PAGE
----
Pair of area businesses investing in growth

Christopher Gooding
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SPRINGHILL - Just days after announcing new terms to its payroll rebate program, the province's business development agency will name the first businesses to accept its challenge.

Today Nova Scotia Business Inc. [NSBI] will identify Springhill's Surrette Battery and Parrsboro Metal Fabricators as the first to accept the new terms of the revamped rebate program, allowing the manufacturers to invest in growth and possibly qualifying for a rebate on payroll taxes. Dignitaries and business insiders will descend on the former mining town of Springhill for the 1:30 announcement at the Dr. Carson and Marion Murray Community Centre to hear how much the rebates could be worth.

Pat Ryan, vice-president and chief operating officer of NSBI, says the new rules will see more of the province's existing manufacturers step towards more global markets.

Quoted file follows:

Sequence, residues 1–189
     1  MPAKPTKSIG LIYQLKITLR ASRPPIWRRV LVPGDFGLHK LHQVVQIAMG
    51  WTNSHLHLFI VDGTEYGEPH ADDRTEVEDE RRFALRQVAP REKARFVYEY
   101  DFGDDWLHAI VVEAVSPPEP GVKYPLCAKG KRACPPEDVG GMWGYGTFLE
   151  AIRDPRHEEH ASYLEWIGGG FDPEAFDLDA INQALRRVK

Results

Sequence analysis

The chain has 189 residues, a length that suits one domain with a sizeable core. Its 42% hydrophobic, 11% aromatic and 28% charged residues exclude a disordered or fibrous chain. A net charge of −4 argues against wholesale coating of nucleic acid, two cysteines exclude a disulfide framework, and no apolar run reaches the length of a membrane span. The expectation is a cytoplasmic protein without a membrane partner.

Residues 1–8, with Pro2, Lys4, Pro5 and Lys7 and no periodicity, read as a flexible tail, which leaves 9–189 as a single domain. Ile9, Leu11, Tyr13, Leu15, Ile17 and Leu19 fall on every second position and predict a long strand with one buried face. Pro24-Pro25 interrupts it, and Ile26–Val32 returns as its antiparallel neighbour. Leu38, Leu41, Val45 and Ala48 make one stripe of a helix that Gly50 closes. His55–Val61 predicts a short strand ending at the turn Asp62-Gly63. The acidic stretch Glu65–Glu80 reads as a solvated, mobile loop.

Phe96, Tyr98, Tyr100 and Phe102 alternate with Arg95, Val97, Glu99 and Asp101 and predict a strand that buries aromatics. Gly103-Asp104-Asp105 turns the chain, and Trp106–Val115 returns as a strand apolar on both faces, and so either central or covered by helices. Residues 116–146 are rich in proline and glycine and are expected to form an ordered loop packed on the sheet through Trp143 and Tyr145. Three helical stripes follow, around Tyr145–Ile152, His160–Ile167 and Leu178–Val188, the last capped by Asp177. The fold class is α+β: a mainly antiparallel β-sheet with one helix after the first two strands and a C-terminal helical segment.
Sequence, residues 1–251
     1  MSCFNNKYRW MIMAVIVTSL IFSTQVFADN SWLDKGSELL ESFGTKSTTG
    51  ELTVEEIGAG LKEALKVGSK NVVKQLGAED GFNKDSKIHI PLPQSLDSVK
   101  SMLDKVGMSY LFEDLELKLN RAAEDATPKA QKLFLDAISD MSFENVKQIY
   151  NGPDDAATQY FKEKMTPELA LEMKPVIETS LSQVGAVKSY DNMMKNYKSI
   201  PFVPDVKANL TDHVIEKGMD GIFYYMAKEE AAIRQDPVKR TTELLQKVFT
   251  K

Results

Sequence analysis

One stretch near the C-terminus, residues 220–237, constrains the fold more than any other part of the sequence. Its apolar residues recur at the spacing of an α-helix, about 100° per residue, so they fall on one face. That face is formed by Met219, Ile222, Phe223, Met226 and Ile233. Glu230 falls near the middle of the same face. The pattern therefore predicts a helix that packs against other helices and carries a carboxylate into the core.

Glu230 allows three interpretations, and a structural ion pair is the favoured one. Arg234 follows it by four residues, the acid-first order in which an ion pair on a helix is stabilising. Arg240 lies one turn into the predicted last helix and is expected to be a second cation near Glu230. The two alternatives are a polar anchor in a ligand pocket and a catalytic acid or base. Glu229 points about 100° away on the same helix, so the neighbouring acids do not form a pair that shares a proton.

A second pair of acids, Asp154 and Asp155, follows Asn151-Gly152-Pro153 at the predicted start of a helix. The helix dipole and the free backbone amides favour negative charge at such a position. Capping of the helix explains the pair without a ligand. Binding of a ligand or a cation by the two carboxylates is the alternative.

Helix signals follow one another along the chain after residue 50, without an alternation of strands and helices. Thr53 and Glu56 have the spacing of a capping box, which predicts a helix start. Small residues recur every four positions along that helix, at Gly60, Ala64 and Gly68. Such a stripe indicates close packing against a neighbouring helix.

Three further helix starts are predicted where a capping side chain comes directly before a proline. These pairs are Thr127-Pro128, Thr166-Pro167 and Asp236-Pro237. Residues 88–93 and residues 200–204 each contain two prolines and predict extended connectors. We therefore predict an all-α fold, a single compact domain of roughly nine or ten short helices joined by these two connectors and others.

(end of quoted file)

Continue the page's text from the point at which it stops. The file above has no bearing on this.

"We're looking for domestic businesses making strategic investment in themselves," Ryan said in an interview with the Amherst Daily News. "Businesses have to take risks, in some cases significant risks, and we're looking to support them."

The payroll rebate is an additional investment for companies that are committed to using their own funds for at least 20 per cent of project costs. Eligible companies would earn the rebate incrementally as they achieve performance measures and payroll targets.

"People have to understand the hurdles are significant," Ryan said. "The business has to prove they're becoming bigger and more vibrant to qualify and it's performance based. They'll be reimbursed after the fact if they qualify. This is not a subsidy or a hand out."

NSBI began the rebate program as an incentive to lure industry to the region and create jobs. Looking at the current value of the Canadian dollar and world competition faced by companies even in small towns like Parrsboro, NSBI moved to include job retention within the program and stimulate existing economies and promote regional growth.

"These companies are committed to their communities," NSBI spokesperson Sarah Levy said. "Seeing them stay in the community is very important."

With today's announcement Levy hopes more industries in small-town Nova Scotia will take notice and apply for the program.

Organizations: Today Nova Scotia Business, Amherst Daily News

Geographic location: SPRINGHILL, Parrsboro, Nova Scotia

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  • Dave
    January 18, 2010 - 10:51

    Isn't ironic that the leading polluter of toxic chemicals in Springhill is getting a rebate just so that it can boost its profits?